My husband, Lee, and I took the trip of a lifetime to Benin, West Africa, to visit our son, Gabriel, who was in the Peace Corps, a year ago last summer, and it was there that a new chapter in our lives would begin.
We were drinking beer and eating dinner at a restaurant/bar which was more like an outdoor patio when Lee excused himself to use the restroom. Since this was Benin, there was no restroom, indoor plumbing or clean water, so he did what everyone else did and headed for a stand of trees out back. Soon thereafter I heard people shouting in French, their native language, and though I could not quickly translate everything, something bad had obviously happened.
Gabriel who spoke French fluently by that time knew immediately what had happened. Lee had fallen and was face down on cement with a pool of blood flowing around his head. Gabriel would ask me to remain seated while I contemplated whether or not I was now a widow. Gabriel would lift his father off the ground, retrieve his broken glasses and contemplate our next move. A man was motioning us to get into his car. I had not noticed that a man with a car had even existed until that moment. Unlike our city streets, lined with cars every day, the only people in this African town who had cars were taxi drivers and the cars were old and beat up, unlike this man’s car which seemed new and in great condition. I was not sure why someone with a good car with nice interior would want a man with a head wound bleeding profusely to get into his car, but we did not ask questions.
He drove us to a medical center, a Beninese version of urgent care, and Gabriel and I managed to walk Lee in to see a doctor. I was not sure how we were going to pay for this unexpected medical expense. Gabriel went to talk to the personnel on duty. It would cost 26 American dollars to have stitches. No waiting, an affordable price, no guarantee that things would go well afterward, but it was what we had and we took it. We would walk back to the restaurant to pay our bill on our way to the hotel which offered sheets that were in need of cleaning and a bucket flush toilet. The risk of infection was real.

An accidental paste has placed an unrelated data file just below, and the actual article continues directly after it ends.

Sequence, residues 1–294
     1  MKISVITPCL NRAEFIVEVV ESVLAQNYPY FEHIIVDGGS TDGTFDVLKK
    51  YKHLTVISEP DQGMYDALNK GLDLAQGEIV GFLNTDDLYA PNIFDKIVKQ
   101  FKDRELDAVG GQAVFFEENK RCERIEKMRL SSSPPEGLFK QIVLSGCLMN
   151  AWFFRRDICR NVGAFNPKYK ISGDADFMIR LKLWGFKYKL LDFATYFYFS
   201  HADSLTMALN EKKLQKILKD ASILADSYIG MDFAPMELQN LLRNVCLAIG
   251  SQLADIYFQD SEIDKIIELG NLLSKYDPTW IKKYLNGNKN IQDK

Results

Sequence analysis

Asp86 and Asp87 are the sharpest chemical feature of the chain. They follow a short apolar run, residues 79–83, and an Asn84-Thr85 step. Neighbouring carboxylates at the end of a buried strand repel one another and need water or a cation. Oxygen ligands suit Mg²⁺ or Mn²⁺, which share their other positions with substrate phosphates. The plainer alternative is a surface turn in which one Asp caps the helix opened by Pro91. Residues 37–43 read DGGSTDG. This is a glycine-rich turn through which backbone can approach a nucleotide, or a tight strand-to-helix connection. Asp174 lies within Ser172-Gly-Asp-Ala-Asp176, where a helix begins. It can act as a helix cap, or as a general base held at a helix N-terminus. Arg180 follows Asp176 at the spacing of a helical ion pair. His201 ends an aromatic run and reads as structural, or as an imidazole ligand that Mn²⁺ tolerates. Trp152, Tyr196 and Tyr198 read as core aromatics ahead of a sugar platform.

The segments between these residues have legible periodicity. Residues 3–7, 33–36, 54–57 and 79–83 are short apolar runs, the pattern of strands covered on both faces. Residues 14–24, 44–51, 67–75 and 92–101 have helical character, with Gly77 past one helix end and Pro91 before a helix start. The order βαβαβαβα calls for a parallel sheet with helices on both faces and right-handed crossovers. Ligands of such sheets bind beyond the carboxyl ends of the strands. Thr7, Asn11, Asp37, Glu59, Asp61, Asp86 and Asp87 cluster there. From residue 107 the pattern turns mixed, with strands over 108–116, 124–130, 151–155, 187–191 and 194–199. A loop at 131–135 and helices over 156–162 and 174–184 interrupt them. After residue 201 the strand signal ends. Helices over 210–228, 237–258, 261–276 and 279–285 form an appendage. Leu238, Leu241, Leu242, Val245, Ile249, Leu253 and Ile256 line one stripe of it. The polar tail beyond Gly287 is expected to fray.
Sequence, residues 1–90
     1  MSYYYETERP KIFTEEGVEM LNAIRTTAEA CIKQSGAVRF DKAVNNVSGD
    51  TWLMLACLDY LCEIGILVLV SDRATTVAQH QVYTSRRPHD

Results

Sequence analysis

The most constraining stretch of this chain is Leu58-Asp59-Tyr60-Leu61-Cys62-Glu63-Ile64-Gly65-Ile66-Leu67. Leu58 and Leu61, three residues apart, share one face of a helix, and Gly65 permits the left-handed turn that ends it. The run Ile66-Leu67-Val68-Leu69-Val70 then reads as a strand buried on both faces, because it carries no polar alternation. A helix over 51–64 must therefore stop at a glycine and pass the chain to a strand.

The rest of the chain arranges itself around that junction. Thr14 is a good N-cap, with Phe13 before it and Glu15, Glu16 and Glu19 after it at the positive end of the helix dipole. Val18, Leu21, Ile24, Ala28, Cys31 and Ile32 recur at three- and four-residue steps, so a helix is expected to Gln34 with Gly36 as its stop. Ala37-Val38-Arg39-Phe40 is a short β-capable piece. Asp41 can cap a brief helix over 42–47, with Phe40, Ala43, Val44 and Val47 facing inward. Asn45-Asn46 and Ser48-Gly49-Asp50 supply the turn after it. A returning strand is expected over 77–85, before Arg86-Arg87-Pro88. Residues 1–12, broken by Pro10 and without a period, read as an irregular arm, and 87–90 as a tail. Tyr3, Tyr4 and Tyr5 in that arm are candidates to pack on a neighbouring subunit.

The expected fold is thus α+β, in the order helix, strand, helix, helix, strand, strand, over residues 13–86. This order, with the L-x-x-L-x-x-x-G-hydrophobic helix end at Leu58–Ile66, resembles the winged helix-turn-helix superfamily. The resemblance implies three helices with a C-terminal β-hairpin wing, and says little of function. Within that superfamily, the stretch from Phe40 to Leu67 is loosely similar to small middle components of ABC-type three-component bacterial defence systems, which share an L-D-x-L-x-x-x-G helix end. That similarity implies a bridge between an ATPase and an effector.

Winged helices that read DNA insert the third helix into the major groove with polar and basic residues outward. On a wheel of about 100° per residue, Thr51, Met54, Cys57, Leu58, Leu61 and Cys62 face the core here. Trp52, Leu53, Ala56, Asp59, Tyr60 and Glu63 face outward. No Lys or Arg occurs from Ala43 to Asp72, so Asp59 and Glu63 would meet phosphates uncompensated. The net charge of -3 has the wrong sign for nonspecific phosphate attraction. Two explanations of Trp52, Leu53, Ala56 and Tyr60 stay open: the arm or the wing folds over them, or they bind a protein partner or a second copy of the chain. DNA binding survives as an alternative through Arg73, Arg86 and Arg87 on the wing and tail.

Though many of the steps constructed in Benin were of differing heights, making walking down a stairway a challenge, I could not figure out why my husband had not tried to catch himself on the way down. When we returned from the trip and he went running at the local park and fell, opening the wound from his first fall, I again wondered why he was falling on his face and not able to catch himself.
Blame it on the dog pulling too much, not being in good enough shape, whatever seemed like an reasonable explanation at the time, and a man who had run 13 marathons was now unable to run without falling. He realized in horror that his legs were giving out underneath him and the real reason he was falling was because his body was giving him no notice that he was about to fall, and so he fell. Repeatedly. Deciding not to give in to this, Lee got out his bicycle.